Titling a movie Bigger takes the kind of confidence that doesn’t consider failure. Director George Gallo and his creative team undoubtedly had other, more dynamic options for their biopic about Joe Weider, the man who founded a bodybuilding empire and introduced the world to Arnold Schwarzenegger. Instead, they opted for a title that could be easily skewered, especially when considering that what Gallo and company have constructed is a movie that sins with schmaltz, a movie-of-the-week on steroids and a disservice to its subject.

Bodybuilding is about sculpture. The human body provides the material while nutrition and exercise are the tools. There are complex, psychological factors that drive people to want to build an armor of flesh and appear superhuman. For Joe Weider (Tyler Hoechlin), life provided two: anti-Semitic bullies and a domineering mother. The movie begins in 2008 at the funeral of Joe’s best friend and business partner, his brother, Ben (Aneurin Barnard). Old Joe (Robert Forster) has summoned a journalist, Michael Steere (DJ Qualls), to this setting to recount the story of his life. Moments later, we are in Montreal during the Great Depression, where Joe tries to please his mother, protect his brother and earn money for the household doing odd jobs around the city. He never achieves the former, but keeps his brother close while making the city his own. While making a delivery to a newsstand, Joe discovers an exercise magazine published by Bill Hauk (Kevin Durand). The magazine inspires Joe to begin his bodybuilding journey, one that will bring him face-to-face with Hauk when they become competitors.

From there, the emerging-titan-of-industry narrative offers the usual peaks and valleys. Joe’s passion for health turns what is essentially a mimeograph operation he runs out of his dining room into a profitable enterprise when he joins forces with New York publisher Roy Hawkins (Tom Arnold). He takes on Hauk in a decades-long battle for publishing supremacy and upsets the bodybuilding establishment when he and Ben create an alternate competition to Mr. Universe called Mr. Olympia. In a bit of foreshadowing as heavy-handed as the film’s score, Joe sketches page after page of an ideal physique he dreams of but can never attain. His passion takes him from East Coast to West and costs him one marriage, but delivers him to the arms of Betty (Julianne Hough), the type of blonde bombshell made for Los Angeles. Supportive, opinionated and smart, she is the ideal spouse, but that’s pro forma for the life of Joe Weider in this movie.

Bigger is unexpectedly funny both by intention and by accident. There is a scene where Betty confronts Joe about his emotionlessness that is so overdramatic one can’t help but laugh, and then, of course, there is the emergence of Schwarzenegger (Calum Von Moger). The Weider Empire had hit hard times by the early ‘70s when Joe sees a picture of Arnold. He places one of his sketches over the image, revealing to all that Arnold’s is the body Joe’s been dreaming about since Montreal. Their destined meeting is made even sweeter because Arnold was rejected by Bill Hauk, Joe’s eternal competitor.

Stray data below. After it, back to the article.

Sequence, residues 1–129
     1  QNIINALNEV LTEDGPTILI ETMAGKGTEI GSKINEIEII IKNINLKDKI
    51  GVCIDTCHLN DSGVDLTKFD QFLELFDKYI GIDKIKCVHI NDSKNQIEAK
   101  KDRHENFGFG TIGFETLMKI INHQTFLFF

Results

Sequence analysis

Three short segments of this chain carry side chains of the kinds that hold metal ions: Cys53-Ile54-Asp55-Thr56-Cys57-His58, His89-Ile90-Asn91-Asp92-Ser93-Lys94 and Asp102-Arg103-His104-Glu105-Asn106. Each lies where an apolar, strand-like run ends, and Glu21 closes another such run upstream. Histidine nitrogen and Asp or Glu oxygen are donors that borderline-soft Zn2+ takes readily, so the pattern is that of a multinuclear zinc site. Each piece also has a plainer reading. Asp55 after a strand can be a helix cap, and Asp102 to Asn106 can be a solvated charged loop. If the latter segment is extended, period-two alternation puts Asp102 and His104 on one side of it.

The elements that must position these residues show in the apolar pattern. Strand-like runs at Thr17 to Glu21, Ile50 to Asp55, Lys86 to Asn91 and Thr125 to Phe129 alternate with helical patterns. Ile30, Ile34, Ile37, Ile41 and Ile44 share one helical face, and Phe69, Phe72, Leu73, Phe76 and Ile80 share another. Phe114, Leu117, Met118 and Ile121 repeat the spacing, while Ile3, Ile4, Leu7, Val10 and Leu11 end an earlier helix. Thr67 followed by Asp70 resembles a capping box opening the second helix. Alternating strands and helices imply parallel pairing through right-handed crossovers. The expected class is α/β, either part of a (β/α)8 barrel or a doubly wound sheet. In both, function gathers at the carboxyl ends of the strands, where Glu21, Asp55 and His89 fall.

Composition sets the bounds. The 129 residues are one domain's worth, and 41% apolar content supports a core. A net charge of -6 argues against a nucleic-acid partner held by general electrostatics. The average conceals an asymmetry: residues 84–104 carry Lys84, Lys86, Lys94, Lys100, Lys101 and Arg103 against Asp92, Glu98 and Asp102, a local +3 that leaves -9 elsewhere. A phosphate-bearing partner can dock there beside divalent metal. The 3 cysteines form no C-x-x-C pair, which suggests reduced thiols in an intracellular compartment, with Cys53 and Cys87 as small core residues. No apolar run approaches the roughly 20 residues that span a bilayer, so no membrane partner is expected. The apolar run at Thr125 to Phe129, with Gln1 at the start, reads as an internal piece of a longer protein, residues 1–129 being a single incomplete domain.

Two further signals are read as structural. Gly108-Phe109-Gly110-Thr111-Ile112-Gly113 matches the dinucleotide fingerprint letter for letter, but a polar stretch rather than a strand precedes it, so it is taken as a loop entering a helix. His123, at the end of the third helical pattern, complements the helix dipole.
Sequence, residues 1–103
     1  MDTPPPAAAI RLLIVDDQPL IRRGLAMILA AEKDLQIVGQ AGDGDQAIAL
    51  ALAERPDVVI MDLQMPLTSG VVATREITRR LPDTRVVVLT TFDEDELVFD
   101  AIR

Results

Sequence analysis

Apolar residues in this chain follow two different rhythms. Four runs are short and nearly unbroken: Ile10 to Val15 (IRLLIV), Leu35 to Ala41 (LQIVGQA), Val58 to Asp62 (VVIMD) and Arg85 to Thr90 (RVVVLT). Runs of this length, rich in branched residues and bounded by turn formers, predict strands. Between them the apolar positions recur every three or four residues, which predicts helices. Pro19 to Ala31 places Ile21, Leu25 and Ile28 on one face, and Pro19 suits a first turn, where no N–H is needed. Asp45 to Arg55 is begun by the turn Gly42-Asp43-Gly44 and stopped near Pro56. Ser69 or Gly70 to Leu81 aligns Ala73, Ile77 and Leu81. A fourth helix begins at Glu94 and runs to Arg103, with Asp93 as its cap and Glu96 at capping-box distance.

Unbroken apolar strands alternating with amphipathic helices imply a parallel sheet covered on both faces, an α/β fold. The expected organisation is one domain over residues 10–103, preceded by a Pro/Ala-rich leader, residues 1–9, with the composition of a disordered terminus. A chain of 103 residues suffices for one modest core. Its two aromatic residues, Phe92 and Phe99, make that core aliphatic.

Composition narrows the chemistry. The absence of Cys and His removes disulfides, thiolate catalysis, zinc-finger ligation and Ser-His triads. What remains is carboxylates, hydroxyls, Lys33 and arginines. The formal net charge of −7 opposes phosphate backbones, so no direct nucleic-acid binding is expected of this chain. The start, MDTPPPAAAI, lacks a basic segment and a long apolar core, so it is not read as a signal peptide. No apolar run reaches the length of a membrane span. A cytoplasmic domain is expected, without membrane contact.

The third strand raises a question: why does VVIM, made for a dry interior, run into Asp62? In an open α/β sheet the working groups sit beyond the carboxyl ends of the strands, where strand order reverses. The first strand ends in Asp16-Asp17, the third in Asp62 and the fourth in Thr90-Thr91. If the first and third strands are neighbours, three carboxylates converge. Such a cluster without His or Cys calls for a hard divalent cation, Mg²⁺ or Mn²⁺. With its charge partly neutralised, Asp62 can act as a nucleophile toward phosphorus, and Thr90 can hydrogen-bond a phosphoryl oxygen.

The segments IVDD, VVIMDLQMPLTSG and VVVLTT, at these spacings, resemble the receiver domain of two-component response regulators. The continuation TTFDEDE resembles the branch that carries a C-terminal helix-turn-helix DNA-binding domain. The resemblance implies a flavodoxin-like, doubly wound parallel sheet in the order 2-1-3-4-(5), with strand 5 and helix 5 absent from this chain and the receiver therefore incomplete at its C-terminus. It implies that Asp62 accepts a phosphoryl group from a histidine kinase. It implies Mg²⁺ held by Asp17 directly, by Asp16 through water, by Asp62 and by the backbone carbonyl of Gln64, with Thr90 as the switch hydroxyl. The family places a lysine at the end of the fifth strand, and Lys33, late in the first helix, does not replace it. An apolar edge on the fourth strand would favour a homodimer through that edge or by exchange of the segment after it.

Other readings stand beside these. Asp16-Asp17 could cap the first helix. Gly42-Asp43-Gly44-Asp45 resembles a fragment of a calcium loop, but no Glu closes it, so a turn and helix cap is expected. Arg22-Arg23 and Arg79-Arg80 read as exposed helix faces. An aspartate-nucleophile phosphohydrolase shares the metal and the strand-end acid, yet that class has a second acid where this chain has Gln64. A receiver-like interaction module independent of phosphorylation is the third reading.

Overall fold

Moger makes a good Arnold, and he and the other actors have fun with the subpar material. If scenery had calories, Durand would be as large as the Blob, his role in the X-Men franchise, for the amount he chews playing cartoon cracker Bill Hauk. But, any charm the film has emanates from Hoechlin, its lead. He’s been putting the DC Cinematic Universe to shame with his small screen star turn as Superman on “Supergirl,” and his ability to hold the screen is on full display here. Burdened with an accent that can be best described as Franco/Brooklyn/Borscht, aging makeup that reaches the level of a well-financed community theater and a mustache that is preposterous in its fakeness, he proves himself an actor worthy of better leads than this.

The world of competitive bodybuilding and the fitness wave that overtook America post-Vietnam are fascinating topics, but Bigger makes them so saccharine that Tom Hanks would have played Weider if the budget was bigger. There is no examination of steroids or the dark world of enhancers required for a body to massively evolve. Like a glossy magazine, the only story here is one of hard work, that extra rep and clean living. An audience would be better served watching Arnold in the ‘70s-era documentary Pumping Iron than viewing this dud.

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